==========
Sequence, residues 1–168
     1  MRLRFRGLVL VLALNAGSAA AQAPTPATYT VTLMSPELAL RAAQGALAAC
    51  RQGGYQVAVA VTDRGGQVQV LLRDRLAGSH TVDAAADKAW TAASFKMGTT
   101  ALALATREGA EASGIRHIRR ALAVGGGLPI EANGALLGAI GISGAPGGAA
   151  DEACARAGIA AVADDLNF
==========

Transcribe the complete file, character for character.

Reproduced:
Sequence, residues 1–168
     1  MRLRFRGLVL VLALNAGSAA AQAPTPATYT VTLMSPELAL RAAQGALAAC
    51  RQGGYQVAVA VTDRGGQVQV LLRDRLAGSH TVDAAADKAW TAASFKMGTT
   101  ALALATREGA EASGIRHIRR ALAVGGGLPI EANGALLGAI GISGAPGGAA
   151  DEACARAGIA AVADDLNF